I think what’s going to make the biggest difference and people talk about it and it’s really not all the way there yet, but becoming more personalized with your content. Tailor it to those specific folks and time it to who they are and where they are and having that make sense and I think that’s the trend that’s going to continue to evolve where it used to be I would create one ad, and then it had to reach 2 million people and I hope that it worked for those 2 million people. Now, I might have 600,000 different ads for 2 million people personalized based on what’s important to them.
Based on what I know about them through the things that they do, I’ll be able to tailor my ads specifically to try to encourage them to come leverage. They’ll probably never be that many but you get the point that personalization in Geo locating is what’s going to make the most sense. If you live 30 miles from a store that I’m trying to drive traffic to, my odds of getting you are slim to none, but if you live within a mile, I need to be able to take advantage of your location and my location and put those two together in a much faster way than I was able to before.
Alex: How do you keep up to date on all the latest marketing trends? You’re staying up to it, you have all this coming, you’ve been in marketing 30 something years, went to the best university, it’s Georgia State University by the way everybody. You are a flying captain of the cross country and track, are you still running every day?
Paul: I still run. I don’t know if I run every day but I still do run and I run more for enjoyment now. The only time that I race anymore is if somebody asked me to run a race with them or to help them get a time that they want. I don’t enjoy racing as much but I run to clear my head.
Alex: Yes, which we need to do quite often. One more question, how do you stay up to date on the latest marketing trends? Where do you do it? Conferences, blogs, awesome podcasts like this one?
Paul: There’s a lot of reading, and one of the hardest parts about my job and your job and anybody’s job are the number of sales calls that you get of everyone to sell you everything but what I’ve learned over the years is I don’t respond to every sales call that I get, or every sales email that I get, if I did that my day will be taken up, but I’ve learned to try to be selective and take some calls, the business stuff because you learn by talking to people. You learn by hearing what people are selling, you learn by what’s new out there.
I do all the reading, I do all that stuff, but I will take calls and I will set up sales appointments and I will meet with other people to learn what they’re doing to try to figure out what’s going on.
I’m always willing to test things. I’d say when the key start success of growing sales every year, we started a year, we knew exactly how we’re going to deliver that year’s numbers and most of what we spent during that year was testing our theories to build our plan for the next year, right? Every year we are building out from one fence to the next. Then a lot of that meant talking with people, learning what was out there, what were they doing, and saying, “How can we leverage that and do that.” We are always working one year out in terms of developing our plans for the next year, while we’re executing the current year trying to bring in those new things and testing them. The traditional way is though we would read, we would talk to people, we would let sales people come in and we would reach out to sales people if we saw something interesting, but we never just chased something because it was shiny. It always had to have some real meaning for what we were doing.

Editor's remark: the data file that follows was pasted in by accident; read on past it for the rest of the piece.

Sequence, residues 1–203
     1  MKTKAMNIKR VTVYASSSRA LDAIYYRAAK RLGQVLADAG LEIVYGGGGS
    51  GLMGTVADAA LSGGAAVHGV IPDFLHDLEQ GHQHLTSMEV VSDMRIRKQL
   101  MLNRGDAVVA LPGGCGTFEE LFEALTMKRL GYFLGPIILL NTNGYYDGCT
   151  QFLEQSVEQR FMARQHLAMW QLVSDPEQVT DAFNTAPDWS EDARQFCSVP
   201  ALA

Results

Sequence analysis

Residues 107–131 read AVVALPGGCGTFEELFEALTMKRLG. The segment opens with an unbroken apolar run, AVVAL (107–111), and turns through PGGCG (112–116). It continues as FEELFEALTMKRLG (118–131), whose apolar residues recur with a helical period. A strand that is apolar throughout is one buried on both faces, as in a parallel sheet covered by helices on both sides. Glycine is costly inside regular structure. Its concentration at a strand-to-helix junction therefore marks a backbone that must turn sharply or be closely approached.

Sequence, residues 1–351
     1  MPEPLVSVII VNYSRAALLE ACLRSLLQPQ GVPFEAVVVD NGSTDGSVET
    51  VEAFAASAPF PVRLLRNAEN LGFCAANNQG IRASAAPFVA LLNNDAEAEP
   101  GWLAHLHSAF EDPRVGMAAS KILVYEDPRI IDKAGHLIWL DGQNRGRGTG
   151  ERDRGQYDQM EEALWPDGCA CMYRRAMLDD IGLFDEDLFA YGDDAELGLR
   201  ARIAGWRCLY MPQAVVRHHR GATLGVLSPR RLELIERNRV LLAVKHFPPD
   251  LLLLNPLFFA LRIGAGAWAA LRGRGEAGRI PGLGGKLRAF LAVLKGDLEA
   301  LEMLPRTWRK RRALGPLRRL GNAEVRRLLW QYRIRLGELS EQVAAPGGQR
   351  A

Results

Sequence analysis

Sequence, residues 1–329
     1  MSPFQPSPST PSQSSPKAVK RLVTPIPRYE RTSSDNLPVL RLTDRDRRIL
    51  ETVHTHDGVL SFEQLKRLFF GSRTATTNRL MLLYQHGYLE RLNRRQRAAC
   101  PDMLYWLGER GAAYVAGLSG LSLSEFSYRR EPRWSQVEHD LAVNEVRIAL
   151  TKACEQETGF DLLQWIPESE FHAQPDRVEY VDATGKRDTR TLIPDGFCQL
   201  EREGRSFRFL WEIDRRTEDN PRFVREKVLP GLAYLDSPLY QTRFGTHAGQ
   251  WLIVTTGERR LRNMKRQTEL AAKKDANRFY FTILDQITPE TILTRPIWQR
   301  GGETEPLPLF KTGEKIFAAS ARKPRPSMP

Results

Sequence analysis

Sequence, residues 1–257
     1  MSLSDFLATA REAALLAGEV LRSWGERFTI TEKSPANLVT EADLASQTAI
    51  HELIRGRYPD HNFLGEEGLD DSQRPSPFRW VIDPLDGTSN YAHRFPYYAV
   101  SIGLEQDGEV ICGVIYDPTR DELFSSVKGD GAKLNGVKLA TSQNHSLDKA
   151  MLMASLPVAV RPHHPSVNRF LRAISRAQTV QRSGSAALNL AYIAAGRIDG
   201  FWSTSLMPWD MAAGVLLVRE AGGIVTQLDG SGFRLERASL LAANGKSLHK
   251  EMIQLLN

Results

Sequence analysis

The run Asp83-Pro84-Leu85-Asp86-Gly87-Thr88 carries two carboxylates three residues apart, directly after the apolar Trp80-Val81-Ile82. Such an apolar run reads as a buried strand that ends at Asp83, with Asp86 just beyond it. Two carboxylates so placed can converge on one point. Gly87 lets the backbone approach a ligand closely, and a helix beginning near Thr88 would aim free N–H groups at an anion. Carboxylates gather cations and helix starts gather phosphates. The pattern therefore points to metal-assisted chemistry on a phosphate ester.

Alex: Yes absolutely guys. Paul, you just gave a lot of inspiration to sales people out there.[laughter]
We work so hard and we’ve got a cold average team, but we’re always looking to educate the market. We’ve got new tips and tricks and we work with your competitors, so we’re trying to educate. It’s refreshing to hear that you’re taking the meetings. The CMO as big as you running National Vision was taking meetings, learning from sales people. Guys keep up with the cold outreach. If you’re out there providing value and educating, the market can be really used far in a great way. I like hearing that, boots on the ground type stuff. It’s refreshing, everybody you know, you hear so often, no I don’t take cold calls. There no pride. There should be no pride in that. That’s not good you’re not learning from anyone by doing that. All right, good to hear Paul, this has been amazing. I love it. We’re going to get this out to everybody and promote it big time. Thank you for joining us on Ignite.
Paul: All right. Thank you Alex, appreciate it. Joy talking with you.